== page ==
The most important characteristics that an attorney can exhibit are dispassionate thinking, issue identification and problem solving. Good old fashion counseling. Many managers view the lawyer’s role as negotiating, litigating and arguing. In fact, these are minimum qualifications. It may come as a surprise, but a lawyer can also think, make sure facts are right, interpret nuance, parse the meaning of language, draft precisely and analyze without bias. A lawyer does not collect the data so he or she is not going to be a slave to it. Data is a tool to be used for the benefit of the client, not a deity to be worshipped. An environmental lawyer understands this and is not going to be awed by data.
CEOs/COOs know their business, but (in most cases) they don’t understand environmental issues. That’s appropriate because they have a company to run and delegate responsibility for environmental issues to other managers. But this creates a problem also because this means that they don’t understand what their consultants are telling them. They don’t understand concepts such as “risk” and “safety” in the environmental context. They need an interpreter who can evaluate available information for them; someone who can help them decide if more information is necessary and who can see the “big picture.”
Seeing the “big picture” is one of my favorite themes. Once, when negotiating a contract for building space for a law firm, I told our broker (who was providing me with reams of data on various alternative contractual proposals) that: “Detail is the enemy of resolution.” By that I meant that providing pages of printouts was going to just confuse my partners and make a decision more difficult. We summarized everything, comparing a few major elements for each proposal and providing a final cost for each. After we closed the deal, the broker sent me a memorial that said: “Detail is the enemy of resolution.”
I was reminded of this theme by the cable show I am watching which is recounting the attempted (and almost successful) assassination of President Reagan in 1981. [I was in a legislative negotiating session on that day and remember the Chairwoman leaving the room for a minute and coming back, crying, and said: “The President has been shot. We should adjourn.”] The Secret Service did not know that the President had been shot; and the doctors were confused because they could not explain the President’s condition and were stymied. When the doctors discovered the President had been shot, the Secret Service told them erroneously that a .38 caliber weapon had been used—forcing the doctors to look for a bullet fragment that didn’t exist. In the midst of the confusion and chaos, the treating surgeon saw the big picture and said: “The President is dying; our job is to make him not die.” They found the bullet hole and inserted a tube into the wound to find where it was located (something that had eluded them for hours). In effect, they used deductive reasoning and the simplest possible procedure to locate and remove the bullet. All the technology available wasn’t going to save the President; the medical team had to dothe work itself.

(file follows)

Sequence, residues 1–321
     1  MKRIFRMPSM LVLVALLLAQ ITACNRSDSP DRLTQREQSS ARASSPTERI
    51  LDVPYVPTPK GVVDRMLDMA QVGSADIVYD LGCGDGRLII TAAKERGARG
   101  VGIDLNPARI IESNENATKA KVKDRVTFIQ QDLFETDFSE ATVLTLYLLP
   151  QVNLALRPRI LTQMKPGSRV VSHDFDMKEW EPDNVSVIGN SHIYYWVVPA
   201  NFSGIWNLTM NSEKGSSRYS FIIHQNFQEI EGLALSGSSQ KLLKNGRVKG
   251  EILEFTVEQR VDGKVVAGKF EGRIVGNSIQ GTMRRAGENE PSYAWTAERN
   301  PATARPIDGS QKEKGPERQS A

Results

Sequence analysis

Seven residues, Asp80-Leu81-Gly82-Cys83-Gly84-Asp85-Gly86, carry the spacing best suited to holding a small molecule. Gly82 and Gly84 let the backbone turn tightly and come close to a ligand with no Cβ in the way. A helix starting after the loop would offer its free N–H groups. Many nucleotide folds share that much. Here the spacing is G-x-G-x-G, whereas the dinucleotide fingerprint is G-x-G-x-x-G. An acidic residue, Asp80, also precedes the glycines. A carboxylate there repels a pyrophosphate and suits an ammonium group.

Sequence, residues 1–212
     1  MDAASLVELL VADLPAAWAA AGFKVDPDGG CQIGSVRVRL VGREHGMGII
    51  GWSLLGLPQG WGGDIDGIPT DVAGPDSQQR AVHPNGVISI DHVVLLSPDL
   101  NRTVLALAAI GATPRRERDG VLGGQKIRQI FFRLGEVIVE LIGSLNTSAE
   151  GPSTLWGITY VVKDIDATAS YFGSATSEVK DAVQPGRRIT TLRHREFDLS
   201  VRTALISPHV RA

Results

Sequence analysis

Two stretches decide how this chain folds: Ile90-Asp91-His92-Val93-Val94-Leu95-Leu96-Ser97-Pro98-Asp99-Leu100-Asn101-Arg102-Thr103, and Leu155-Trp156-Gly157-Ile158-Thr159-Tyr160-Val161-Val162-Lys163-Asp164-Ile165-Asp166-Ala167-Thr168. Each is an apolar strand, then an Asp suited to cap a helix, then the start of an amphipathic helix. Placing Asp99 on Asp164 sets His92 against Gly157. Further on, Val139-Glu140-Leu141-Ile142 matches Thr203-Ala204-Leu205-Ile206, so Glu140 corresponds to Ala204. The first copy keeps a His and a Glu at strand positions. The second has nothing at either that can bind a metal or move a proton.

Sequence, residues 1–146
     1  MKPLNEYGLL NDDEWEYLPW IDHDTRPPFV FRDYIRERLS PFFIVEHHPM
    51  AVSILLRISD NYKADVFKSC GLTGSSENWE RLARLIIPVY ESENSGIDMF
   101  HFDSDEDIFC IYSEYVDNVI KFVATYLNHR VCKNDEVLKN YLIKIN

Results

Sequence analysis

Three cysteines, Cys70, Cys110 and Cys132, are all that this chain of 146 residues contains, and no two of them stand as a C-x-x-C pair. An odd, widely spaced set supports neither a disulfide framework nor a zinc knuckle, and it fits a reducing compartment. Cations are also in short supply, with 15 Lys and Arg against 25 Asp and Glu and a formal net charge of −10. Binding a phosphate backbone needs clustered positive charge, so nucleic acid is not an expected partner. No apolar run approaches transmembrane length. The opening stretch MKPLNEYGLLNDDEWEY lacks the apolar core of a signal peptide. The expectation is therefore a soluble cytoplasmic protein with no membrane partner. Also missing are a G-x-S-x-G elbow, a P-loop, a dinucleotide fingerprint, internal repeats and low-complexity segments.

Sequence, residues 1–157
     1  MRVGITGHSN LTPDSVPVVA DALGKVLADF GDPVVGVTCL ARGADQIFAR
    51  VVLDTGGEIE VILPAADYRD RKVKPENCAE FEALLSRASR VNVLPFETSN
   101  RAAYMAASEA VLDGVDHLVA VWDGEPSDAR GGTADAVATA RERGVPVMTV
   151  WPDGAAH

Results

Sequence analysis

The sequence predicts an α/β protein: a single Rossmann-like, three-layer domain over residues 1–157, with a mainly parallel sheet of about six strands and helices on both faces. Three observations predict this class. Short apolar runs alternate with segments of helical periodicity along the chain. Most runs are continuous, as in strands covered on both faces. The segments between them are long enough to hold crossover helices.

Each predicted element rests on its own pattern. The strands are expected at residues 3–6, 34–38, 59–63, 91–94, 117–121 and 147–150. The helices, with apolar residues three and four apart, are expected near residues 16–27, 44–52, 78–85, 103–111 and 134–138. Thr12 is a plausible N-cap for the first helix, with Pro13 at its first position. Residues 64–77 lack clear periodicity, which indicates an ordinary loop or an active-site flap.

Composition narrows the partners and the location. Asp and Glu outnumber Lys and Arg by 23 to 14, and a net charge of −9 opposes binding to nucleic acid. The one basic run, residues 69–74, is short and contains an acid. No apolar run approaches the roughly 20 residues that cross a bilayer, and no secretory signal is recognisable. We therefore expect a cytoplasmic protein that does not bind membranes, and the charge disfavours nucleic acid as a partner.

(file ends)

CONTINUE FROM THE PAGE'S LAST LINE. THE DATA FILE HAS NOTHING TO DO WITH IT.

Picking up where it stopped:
In one of my cases, I sat through a lengthy, complicated technical presentation that showed a lot of data, including what purportedly was a geologic feature that purportedly blocked any contamination from reaching groundwater. After the meeting, I had dinner with one of the other lawyers and his wife. He asked me what I thought of the presentation. [He is a fine real estate lawyer and had been impressed, as he should have been, by the presentation and felt reassured that no contamination had reached groundwater.] I told him that: “The geologic feature will disappear before this case is over.” I explained that there were only several data points over a large area; that the surface in the area had been badly disturbed by landfills that could act as conduits to groundwater; that the closeness of the landfills to the industrial area raised the possibility that waste had been discharged into the landfills by multiple parties; and that, in general, liquids find the weakest point in the environment to migrate. In short, physics trumps hope every time.
Experience shows that you have to have sufficient data to make good decisions; but you cannot be a slave to the data. As Merlin the magician excoriated young King Arthur: “Think, Arthur, think.” [He made Arthur imagine that he was a bird looking back at Earth; and he wanted him to see the big picture—i.e., that, from high enough up, there were no boundaries in England, no streams or fences; the country was one combined, united mass.] One of the greatest failures in environmental decision making is to get bogged down in detail and to not see the big picture. Detail is the enemy of resolution. Always has been; always will be. Define success, plan strategically and focus on outcome.